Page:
It’s "sunshine on the shoulder" season as U.S. refineries slow runs to 87.8% of capacity, running just 15.9 million barrels, the lowest level of the year as seasonal maintenance flips into high gear. The trade seemed disappointed that the overall 3-million-barrel build in crude oil supply was higher than expected. That is what should you expect when seasonal maintenance is happening.
In fact, with U.S. production back on the rise, the question should be, "Why did we not see a bigger jump in crude supply?" The EIA reported that production rose to 10.23 million barrels a day! So, where is all that oil going? We even saw a surprise 1.128 million barrel drop in Cushing, Okla., crude supply and a drop in Midwest supply. The surge in supply came in the Gulf Coast as they saw a 4.55-billion-barrel increase in supply as fog lifted and tankers could unload two weeks of supply. Yet, with hedge funds trying to lock in profits before the end of the month so that they get paid, along with a weak stock market, caused a last day of February price drops.
Today, warnings about a spike in gas and diesel prices this spring is a reason why we should find some support soon. The key will be Fed Chair Jerome Powell’s testimony as traders on oil are now focused on interest rates and stocks.
The Wall Street Journal reports that forecasts for crude oil prices have risen for the fifth straight month as many are catching up to the Energy Report forecast as it is becoming clear that we are seeing balanced oil markets in 2018 and confidence in cuts to oil production by OPEC will actually balance the market. Gee, I wonder where we have heard that before? The Journal also reports that, “Banks raised their forecasts for oil prices for the fifth month in a row in February, signaling continued confidence that prices will continue to recover as the global supply glut drains due to production cuts.”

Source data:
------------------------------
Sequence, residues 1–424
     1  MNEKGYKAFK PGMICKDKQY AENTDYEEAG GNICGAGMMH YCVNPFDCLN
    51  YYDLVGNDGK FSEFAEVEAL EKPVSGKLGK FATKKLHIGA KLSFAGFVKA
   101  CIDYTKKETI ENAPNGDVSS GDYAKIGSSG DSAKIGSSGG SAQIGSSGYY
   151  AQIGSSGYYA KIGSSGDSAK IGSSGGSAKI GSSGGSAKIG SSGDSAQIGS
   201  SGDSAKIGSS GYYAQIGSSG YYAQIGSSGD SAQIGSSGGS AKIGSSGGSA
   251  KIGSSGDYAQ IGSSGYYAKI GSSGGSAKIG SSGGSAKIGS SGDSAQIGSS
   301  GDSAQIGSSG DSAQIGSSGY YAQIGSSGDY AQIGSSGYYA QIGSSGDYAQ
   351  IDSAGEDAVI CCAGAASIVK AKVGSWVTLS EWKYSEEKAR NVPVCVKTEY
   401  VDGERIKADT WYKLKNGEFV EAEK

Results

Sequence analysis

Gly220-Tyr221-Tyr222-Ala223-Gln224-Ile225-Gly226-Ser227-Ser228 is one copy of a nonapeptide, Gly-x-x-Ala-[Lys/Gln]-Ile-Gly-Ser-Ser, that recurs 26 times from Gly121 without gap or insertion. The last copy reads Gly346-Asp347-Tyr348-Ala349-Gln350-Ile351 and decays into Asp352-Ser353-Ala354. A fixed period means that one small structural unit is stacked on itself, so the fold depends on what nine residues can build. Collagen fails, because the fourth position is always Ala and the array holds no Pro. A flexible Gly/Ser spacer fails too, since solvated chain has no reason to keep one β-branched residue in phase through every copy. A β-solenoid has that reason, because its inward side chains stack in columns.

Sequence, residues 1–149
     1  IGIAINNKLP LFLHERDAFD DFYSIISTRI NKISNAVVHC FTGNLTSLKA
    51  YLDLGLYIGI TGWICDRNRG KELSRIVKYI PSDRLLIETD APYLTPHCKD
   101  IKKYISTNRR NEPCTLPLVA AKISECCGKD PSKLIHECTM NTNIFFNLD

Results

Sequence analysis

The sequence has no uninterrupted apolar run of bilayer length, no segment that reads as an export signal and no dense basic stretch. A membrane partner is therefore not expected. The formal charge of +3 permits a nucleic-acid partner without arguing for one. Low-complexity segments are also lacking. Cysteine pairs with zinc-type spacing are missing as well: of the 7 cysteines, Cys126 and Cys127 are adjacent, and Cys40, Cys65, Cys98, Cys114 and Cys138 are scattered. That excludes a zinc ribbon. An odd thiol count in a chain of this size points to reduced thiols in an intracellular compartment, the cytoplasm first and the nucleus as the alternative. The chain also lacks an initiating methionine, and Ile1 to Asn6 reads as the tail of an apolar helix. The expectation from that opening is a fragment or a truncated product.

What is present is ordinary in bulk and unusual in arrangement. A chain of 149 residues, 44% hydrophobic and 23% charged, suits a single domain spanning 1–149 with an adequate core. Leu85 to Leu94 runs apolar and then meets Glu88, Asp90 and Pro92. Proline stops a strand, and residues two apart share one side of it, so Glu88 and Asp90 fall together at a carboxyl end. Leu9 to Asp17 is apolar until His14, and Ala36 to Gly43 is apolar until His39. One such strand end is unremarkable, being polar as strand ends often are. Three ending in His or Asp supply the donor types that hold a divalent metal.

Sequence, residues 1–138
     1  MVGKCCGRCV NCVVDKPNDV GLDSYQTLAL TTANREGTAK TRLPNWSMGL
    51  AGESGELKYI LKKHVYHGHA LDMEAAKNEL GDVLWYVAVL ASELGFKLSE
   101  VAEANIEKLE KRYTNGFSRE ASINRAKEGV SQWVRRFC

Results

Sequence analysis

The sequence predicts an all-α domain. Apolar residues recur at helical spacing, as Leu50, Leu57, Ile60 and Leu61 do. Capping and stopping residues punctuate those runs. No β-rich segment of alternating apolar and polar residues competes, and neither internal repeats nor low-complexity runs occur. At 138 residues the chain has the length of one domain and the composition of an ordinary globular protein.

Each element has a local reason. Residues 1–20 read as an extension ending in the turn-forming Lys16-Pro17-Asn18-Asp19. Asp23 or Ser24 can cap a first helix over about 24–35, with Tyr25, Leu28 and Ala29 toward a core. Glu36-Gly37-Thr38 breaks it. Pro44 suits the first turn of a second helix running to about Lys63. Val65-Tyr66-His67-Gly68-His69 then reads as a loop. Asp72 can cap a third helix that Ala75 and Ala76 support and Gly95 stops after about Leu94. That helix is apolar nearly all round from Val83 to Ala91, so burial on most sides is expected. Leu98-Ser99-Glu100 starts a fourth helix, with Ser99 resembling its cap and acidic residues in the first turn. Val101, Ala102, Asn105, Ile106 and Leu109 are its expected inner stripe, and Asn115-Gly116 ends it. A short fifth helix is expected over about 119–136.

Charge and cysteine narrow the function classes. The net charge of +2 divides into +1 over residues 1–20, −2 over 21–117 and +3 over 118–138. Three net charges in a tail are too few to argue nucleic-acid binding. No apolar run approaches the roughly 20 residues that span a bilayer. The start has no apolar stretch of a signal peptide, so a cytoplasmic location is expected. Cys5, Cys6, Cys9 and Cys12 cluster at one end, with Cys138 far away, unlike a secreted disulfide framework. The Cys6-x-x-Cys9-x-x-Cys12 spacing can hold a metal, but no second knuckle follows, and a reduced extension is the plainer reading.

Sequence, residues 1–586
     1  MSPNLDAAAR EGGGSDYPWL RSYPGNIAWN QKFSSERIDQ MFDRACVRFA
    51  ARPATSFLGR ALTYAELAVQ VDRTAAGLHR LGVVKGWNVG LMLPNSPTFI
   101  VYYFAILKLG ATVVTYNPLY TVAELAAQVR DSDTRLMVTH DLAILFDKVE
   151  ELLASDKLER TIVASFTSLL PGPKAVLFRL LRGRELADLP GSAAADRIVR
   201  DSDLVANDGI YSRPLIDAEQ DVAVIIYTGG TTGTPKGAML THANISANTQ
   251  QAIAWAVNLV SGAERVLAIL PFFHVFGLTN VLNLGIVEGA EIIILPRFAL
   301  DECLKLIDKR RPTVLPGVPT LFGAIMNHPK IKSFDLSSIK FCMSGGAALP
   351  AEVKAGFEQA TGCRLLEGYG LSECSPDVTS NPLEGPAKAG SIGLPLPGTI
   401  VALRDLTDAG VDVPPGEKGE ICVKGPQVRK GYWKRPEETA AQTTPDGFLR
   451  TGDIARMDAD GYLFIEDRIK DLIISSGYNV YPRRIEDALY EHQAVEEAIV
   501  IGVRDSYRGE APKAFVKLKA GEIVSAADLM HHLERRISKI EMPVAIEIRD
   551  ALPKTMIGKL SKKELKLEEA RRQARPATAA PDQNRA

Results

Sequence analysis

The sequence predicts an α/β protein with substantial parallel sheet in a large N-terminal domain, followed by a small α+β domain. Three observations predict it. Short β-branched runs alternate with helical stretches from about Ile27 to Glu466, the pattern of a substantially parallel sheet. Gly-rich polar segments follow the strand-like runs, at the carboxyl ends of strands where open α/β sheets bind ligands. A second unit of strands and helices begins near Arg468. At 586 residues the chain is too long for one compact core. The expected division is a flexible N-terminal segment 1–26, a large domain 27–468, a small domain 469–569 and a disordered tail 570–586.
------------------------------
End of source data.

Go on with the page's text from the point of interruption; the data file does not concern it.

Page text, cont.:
Brent crude—the global benchmark—is now expected to average $62 a barrel this year, while West Texas Intermediate, the U.S. standard, should average $58 a barrel, according to a poll of 15 investment banks surveyed by The Wall Street Journal toward the end of February. Both predictions are up roughly $1 from the January survey.
AAA reports that a costly spring gas price spike is coming to a pump near you, stating, "For the first quarter of the year, gas prices have been expensive."
On average, motorists are paying a quarter more than at the same time last year. While pump prices have dipped in recent weeks, this is not a trend consumers should expect to linger. AAA forecasts the national gas price average will be as much as $2.70/gallon this spring – a costly pump price Americans have not paid since summer of 2015 when prices hit $2.81. Diesel prices will also be high as distillate stocks are trending lower.
Get ready for Powell, and natural gas inventories as well as more changing weather.